Why Amazon bought Whole Foods – and the future of commerce
Amazon’s latest move into bricks-and-mortar retailing is explained in this good article in The Atlantic. ...
If you want to understand Amazon’s grand plan, you could do worse than read this article. The founder of a tech start-up for Tech Crunch explains that while many elements of Amazon could be copied by a large company such as Wal-mart, the e-tailer is well-defended. The writer argues that its success lies in “the fact that each piece of Amazon is being built with a service-oriented architecture, and Amazon is using that architecture to successively turn every single piece of the company into a separate platform — and thus opening each piece to outside competition.” So, whereas vertical integration in the past has often led to inefficiency, Amazon’s structure demands it to be lean, effectively “future-proofing the company against inefficiency and technological stagnation”.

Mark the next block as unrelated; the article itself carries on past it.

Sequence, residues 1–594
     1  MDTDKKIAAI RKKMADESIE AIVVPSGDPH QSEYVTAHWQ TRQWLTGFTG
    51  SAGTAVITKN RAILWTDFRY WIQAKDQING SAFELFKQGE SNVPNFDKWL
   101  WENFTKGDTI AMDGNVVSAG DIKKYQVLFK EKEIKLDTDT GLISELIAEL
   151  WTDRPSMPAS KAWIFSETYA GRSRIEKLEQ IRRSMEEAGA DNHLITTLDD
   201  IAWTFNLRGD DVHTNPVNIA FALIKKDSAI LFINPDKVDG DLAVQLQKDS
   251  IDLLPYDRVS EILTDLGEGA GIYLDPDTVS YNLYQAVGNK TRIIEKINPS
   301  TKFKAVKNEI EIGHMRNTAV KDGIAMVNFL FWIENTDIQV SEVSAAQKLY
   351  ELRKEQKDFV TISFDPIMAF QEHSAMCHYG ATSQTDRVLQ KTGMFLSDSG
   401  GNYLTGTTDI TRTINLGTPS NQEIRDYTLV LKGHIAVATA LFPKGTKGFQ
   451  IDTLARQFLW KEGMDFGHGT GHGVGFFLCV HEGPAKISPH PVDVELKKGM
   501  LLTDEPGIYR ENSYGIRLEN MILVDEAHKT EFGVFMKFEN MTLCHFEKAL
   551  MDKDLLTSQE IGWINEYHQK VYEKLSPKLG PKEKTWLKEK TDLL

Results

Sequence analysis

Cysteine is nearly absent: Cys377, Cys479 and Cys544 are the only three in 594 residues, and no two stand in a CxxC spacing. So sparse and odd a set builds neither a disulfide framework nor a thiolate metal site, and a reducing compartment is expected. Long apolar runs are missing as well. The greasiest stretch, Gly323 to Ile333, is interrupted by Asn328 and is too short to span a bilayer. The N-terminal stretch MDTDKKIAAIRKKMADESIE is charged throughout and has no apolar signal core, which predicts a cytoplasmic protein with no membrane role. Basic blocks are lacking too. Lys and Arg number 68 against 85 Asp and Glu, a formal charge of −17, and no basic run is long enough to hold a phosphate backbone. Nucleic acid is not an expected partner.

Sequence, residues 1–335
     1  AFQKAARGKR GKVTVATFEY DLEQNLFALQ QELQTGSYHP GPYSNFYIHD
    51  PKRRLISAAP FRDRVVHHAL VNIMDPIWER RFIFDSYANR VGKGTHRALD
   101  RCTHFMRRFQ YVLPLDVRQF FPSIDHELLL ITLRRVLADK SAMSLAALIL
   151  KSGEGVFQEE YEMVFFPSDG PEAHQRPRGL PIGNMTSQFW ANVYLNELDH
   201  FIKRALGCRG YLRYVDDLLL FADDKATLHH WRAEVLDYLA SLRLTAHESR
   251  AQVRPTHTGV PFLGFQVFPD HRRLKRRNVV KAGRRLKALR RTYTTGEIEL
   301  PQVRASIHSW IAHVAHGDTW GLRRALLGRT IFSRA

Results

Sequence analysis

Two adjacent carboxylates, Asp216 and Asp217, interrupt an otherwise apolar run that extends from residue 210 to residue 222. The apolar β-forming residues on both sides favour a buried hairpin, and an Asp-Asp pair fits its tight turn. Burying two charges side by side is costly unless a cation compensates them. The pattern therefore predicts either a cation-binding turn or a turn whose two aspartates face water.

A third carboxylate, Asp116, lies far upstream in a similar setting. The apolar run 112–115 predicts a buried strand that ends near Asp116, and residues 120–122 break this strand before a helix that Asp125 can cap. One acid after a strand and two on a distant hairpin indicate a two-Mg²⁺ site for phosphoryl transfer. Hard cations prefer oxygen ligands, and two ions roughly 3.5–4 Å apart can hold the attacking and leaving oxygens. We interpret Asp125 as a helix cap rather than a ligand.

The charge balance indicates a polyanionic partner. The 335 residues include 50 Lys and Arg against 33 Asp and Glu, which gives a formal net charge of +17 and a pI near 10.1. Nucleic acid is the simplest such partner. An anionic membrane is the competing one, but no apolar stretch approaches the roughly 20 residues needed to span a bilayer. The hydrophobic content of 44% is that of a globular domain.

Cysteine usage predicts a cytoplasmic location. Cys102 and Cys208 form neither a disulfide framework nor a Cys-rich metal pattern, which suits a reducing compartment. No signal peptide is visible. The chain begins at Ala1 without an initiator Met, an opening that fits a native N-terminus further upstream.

He adds: “Fulfillment and shipping is Amazon’s largest cost centre and, with a huge human component, it is the one that is most susceptible to bloat.
“The level of discipline required to operate a multi-tenant, externally facing service like FBA yields tremendous benefit to the Amazon’s internal operation — this isn’t some hacked-together, homegrown tool that is hard-coded to Amazon’s own needs and thus nearly impossible to improve.”
Not only that, but it is the hardest division to replicate, he notes. And yes, “It seems obvious to me that Amazon will move into small-parcel shipping (UPS/FedEx/USPS) within the next five years”. A useful read.